I would suggest something like an intermittent fasting diet whilst traveling. Skip breakfast (unless it's included w/ accommodation), and purchase lunch at a supermarket/grocery store. For dinner you can try to cook something using local ingredients, or hunt for some bargain foods (ethnic food is typically low cost). Or do the reverse, spend $5-10 on a lunch out, and then cook/prep something from the supermarket for dinner.

My go-to when traveling around the USA is usually a roasted chicken as most large grocery chains carry them, whole chickens are typically $5-7, and can last 1 person two days. High protein to boot.

Don't ever pay for water/soft drinks, and avoid expensive beers/convenience food in high cost locations, typically near tourist attractions.

Seppia
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Re: Keeping spending low whilst travelling

Post by Seppia » Mon Aug 05, 2019 3:27 pm

@Ego make sure you don’t miss the Sainte Chapelle. It’s one of the most beautiful things in Paris (if not THE most beautiful) and it’s not famous at all.
I lived in Paris 7 years, hit me up if you want some suggestion

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Ego
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Re: Keeping spending low whilst travelling

Post by Ego » Mon Aug 05, 2019 3:55 pm

@Seppia, Thanks! Just now I told Mrs Ego your suggestion and she said, "What the hell! I've been telling you about it since we arrived. Now some internet person tells you about it and you want to see it. Hum!" Apparently we've run past it twice and she mentioned both times that it is the most beautiful church in the world. I guess it went in one ear and out the other.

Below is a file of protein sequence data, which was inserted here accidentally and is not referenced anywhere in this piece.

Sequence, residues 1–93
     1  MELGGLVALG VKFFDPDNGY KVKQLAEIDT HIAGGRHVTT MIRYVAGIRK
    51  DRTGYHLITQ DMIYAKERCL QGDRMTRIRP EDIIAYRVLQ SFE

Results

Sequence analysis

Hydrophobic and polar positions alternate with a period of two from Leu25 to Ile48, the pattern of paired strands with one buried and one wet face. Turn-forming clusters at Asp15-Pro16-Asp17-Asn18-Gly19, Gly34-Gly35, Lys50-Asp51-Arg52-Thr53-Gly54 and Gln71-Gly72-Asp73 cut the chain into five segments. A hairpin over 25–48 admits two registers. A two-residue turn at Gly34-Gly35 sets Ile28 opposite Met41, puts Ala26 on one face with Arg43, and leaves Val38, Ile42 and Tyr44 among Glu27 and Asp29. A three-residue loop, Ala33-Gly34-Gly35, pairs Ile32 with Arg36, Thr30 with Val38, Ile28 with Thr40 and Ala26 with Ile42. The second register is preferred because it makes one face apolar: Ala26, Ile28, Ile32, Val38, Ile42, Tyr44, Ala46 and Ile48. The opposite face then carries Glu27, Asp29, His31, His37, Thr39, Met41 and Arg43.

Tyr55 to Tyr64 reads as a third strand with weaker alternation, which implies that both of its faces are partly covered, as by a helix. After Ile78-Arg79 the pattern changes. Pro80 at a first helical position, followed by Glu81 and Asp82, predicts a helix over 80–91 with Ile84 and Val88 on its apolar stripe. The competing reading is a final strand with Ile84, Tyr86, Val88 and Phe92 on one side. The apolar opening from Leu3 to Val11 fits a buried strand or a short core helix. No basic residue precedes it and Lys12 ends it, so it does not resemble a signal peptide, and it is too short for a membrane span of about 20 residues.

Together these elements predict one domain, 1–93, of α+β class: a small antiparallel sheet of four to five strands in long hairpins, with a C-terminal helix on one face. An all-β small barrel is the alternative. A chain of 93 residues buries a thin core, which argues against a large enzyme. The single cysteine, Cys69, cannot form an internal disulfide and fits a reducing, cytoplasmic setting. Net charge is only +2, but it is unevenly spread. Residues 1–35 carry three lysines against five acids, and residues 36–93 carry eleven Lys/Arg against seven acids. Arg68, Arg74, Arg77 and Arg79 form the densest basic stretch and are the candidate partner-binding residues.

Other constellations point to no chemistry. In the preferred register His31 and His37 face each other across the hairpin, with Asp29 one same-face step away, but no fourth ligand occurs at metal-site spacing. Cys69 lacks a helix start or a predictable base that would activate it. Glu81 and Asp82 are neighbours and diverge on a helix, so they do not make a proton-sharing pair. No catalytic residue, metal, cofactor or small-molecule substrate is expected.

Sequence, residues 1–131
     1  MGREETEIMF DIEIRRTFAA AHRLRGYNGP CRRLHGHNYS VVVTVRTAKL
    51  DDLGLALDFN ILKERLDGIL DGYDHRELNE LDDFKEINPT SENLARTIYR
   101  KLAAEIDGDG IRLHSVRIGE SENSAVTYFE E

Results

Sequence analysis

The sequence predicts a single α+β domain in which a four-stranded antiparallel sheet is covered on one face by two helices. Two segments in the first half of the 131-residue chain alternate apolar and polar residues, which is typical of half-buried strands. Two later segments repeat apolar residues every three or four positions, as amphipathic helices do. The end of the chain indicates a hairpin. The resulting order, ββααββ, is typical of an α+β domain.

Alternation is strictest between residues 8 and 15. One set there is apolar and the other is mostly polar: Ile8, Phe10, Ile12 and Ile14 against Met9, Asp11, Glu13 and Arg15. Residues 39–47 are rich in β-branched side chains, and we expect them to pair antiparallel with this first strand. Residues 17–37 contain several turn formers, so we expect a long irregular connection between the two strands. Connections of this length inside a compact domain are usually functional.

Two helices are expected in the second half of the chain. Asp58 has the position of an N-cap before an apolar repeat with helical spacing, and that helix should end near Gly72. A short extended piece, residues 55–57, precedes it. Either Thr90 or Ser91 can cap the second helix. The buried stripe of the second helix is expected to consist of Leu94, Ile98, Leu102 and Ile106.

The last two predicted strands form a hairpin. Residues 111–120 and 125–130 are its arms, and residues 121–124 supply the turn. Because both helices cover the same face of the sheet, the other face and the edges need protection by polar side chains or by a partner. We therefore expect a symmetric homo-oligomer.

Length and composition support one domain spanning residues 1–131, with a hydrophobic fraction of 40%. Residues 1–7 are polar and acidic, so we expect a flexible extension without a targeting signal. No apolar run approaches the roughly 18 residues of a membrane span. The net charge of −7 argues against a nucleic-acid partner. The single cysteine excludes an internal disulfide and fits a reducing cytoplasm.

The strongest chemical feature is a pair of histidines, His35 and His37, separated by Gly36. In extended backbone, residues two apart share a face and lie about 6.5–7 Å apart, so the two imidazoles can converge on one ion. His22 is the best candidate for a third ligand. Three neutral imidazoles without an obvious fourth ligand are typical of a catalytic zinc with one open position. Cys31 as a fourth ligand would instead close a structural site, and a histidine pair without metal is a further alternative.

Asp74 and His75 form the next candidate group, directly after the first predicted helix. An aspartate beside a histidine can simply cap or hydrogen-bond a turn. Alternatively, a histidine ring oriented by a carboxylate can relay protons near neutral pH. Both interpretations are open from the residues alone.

I just checked. It costs ten euro per person. No free days. I just watched a pretty good video about it.

https://www.youtube.com/watch?v=vigjJih8Pn4

I'll have to pay attention the next time we pass by and decide if we are going to visit. She's been twice in the 80s.

bigato
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Re: Keeping spending low whilst travelling

Post by bigato » Mon Aug 05, 2019 4:11 pm

Ego: which type/model of camp stove do you use and why?

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Ego
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Re: Keeping spending low whilst travelling

Post by Ego » Mon Aug 05, 2019 4:18 pm

@bigato, we used to carry the MSR Dragonfly which burns petrol and diesel. Jacob pointed out that it is a controlled explosion. He's right. Maybe it was a bit foolish to use it indoors. Maybe I'm getting more cautious with age. We switched to the MSR Wisperlite Universal which can burn almost anything, diesel, kerosene, petrol, butane and propane. I bought an adapter to allow it to use those cheap Chinese butane canisters that every hardware store sells for about $2. Much safer and easier to use. Something like this....

Image
Last edited by Ego on Mon Aug 05, 2019 4:23 pm, edited 1 time in total.

bryan
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Re: Keeping spending low whilst travelling

Post by bryan » Mon Aug 05, 2019 4:22 pm

Sleeping in your car/van is a big cost saver. Owning a car/van with enough room to sleep comfortably is great; no more hotel costs for road/day trips!

If you don't have your own car/van, you can rent one. I've rented a u-haul for a couple nights just to sleep in the back of it ($50 vs min. $300 + inconvenient). Occasionally I look into renting a mini-van or similar for trips where I need a car instead of staying in a hotel/airbnb. Perhaps arrange flights so you can sleep in the airport or on the plane (these flights are anyway cheaper than prime-time flights) on travel days. Same deal for buses or trains.

An inflatable sleeping pad is a nice thing to have!

If you have to get a short term rental, I usually filter by acceptable locations (close to transit, central/walkable/bikeable, access to airport, etc) first.

For airport transit, always try to do a little more research than just google maps. There might be some less used transit to/from that's cheaper than what's typical. For example, in Dallas the train to/from DFW (20 miles) is $3 or in San Francisco the bus to/from SFO is $4 instead of $10 for BART. In San Francisco, if you are flexible enough with your times, you can get to/from Oakland for $1 on the bike shuttle. Some airports have bicycle parking. Some airports you can park for free nearby (or otherwise take a taxi/transit there to avoid airport fee) and walk the final mile or so.